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On Sense And The Sensible   

Or is what occurs in the case of the perceiving Soul conceivably

analogous to what holds true in that of the things themselves? For the

same numerically one thing is white and sweet, and has many other

qualities, [while its numerical oneness is not thereby prejudiced]

if the fact is not that the qualities are really separable in the

object from one another, but that the being of each quality is

different [from that of every other]. In the same way therefore we

must assume also, in the case of the Soul, that the faculty of

perception in general is in itself numerically one and the same, but

different [differentiated] in its being; different, that is to say, in

genus as regards some of its objects, in species as regards others.

Hence too, we may conclude that one can perceive [numerically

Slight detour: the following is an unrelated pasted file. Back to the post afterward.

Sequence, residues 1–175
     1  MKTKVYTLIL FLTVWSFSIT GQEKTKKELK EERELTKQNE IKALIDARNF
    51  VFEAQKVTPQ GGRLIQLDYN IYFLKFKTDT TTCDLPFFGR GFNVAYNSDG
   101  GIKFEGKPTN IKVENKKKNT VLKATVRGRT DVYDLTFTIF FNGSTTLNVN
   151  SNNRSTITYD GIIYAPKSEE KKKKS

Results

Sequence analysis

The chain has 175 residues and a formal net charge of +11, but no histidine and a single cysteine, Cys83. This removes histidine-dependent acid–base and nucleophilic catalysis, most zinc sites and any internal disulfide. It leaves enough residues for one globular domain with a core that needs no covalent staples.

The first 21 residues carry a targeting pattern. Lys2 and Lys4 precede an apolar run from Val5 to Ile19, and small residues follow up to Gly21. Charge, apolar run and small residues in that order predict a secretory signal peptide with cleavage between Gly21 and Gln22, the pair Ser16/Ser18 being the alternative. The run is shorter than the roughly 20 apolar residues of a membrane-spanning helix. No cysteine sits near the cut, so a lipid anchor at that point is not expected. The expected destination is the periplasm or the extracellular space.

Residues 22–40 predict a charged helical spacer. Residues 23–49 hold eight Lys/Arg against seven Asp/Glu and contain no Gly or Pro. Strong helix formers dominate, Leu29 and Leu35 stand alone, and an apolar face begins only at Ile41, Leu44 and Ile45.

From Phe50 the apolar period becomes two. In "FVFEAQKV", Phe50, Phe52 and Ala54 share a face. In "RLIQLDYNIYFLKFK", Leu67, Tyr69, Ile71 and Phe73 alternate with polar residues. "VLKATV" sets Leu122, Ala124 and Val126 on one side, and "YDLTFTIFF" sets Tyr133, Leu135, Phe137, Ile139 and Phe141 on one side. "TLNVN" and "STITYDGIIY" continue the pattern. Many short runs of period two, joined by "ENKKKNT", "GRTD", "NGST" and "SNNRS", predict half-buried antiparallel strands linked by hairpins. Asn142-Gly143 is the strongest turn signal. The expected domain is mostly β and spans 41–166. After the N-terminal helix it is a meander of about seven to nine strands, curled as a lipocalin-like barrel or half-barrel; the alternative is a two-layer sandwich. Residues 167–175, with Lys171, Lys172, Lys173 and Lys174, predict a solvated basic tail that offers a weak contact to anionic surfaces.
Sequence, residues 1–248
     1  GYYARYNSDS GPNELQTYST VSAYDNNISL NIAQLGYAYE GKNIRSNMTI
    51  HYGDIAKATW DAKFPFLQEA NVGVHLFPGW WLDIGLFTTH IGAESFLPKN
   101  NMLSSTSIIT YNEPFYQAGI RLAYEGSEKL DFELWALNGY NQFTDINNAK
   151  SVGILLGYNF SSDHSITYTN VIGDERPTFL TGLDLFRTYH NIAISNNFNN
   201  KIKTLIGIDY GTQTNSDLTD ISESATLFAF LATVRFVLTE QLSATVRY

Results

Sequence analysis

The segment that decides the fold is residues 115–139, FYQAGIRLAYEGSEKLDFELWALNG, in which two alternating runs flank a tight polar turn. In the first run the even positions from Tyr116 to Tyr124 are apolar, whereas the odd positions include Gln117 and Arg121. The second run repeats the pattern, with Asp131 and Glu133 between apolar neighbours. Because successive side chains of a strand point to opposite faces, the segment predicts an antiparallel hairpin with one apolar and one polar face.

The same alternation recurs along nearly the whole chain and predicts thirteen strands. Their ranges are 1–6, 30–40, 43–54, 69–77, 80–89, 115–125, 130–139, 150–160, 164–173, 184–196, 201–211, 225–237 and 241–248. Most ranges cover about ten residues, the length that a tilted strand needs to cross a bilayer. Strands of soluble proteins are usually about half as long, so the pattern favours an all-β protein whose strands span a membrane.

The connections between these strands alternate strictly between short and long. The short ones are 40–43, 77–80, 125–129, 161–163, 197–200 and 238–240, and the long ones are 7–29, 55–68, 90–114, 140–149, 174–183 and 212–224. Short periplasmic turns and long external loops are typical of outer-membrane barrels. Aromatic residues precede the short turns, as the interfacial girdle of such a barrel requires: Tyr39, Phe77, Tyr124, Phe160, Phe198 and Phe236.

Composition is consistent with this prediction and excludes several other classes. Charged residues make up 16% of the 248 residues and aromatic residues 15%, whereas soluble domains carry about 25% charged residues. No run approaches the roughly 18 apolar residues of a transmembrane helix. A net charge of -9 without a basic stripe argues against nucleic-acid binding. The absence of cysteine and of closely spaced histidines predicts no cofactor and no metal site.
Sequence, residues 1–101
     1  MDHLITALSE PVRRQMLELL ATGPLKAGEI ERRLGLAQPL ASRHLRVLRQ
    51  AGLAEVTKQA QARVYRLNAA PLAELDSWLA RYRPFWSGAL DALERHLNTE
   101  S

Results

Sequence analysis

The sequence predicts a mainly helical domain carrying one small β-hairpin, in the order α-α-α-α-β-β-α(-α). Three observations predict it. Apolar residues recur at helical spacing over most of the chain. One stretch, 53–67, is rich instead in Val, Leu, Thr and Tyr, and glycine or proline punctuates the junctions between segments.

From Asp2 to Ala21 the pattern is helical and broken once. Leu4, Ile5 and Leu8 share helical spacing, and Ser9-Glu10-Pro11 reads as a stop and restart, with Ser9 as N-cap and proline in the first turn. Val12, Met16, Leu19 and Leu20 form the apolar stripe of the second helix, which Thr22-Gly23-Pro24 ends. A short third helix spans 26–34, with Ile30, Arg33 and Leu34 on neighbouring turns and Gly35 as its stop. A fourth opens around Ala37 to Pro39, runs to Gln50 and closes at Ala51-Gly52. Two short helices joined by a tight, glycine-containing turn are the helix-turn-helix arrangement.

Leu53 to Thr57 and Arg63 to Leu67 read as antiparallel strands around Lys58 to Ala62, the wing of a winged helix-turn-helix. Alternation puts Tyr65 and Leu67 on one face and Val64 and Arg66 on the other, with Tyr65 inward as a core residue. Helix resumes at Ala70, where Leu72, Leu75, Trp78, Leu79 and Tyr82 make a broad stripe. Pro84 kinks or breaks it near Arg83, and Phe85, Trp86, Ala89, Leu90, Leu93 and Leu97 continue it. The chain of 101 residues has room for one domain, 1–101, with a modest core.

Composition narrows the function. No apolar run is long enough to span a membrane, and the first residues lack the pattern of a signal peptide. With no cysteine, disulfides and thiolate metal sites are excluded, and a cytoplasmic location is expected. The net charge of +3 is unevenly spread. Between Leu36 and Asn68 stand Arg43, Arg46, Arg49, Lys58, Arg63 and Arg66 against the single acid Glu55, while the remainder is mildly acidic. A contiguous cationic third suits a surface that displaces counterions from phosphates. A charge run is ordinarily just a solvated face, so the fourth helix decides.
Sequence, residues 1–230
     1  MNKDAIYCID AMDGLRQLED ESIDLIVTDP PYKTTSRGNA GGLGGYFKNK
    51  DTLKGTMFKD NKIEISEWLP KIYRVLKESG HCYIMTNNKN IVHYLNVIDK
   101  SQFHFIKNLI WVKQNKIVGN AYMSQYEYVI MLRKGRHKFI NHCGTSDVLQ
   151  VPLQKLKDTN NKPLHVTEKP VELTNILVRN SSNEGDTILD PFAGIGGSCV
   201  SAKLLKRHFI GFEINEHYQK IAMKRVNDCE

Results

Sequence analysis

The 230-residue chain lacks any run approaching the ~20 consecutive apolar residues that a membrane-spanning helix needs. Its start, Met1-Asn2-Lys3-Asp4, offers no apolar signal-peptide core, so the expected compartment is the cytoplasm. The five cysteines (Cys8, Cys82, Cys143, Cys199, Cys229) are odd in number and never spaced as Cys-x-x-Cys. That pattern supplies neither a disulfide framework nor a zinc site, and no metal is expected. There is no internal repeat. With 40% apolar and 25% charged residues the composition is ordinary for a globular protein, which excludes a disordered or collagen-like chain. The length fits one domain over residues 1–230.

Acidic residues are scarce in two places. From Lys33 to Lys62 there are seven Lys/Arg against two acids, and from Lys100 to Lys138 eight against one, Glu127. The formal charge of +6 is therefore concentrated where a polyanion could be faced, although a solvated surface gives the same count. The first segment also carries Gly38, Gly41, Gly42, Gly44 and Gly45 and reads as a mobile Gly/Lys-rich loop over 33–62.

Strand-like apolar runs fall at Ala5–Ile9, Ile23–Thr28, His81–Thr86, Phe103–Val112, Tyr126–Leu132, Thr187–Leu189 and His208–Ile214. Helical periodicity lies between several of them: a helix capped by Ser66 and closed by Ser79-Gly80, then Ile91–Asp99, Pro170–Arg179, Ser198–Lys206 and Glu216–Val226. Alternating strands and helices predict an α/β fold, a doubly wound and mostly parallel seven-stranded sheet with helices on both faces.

different objects] coinstantaneously with a faculty which is

numerically one and the same, but not the same in its relationship

[sc. according as the objects to which it is directed are not the


That every sensible object is a magnitude, and that nothing which it

is possible to perceive is indivisible, may be thus shown. The

distance whence an object could not be seen is indeterminate, but that

whence it is visible is determinate. We may say the same of the

objects of Smelling and Hearing, and of all sensibles not discerned by

actual contact. Now, there is, in the interval of distance, some

extreme place, the last from which the object is invisible, and the

first from which it is visible. This place, beyond which if the object

be one cannot perceive it, while if the object be on the hither side

one must perceive it, is, I presume, itself necessarily indivisible.

Therefore, if any sensible object be indivisible, such object, if

set in the said extreme place whence imperceptibility ends and

perceptibility begins, will have to be both visible and invisible

their objects, whether regarded in general or at the same time; but

this is impossible.

This concludes our survey of the characteristics of the organs of

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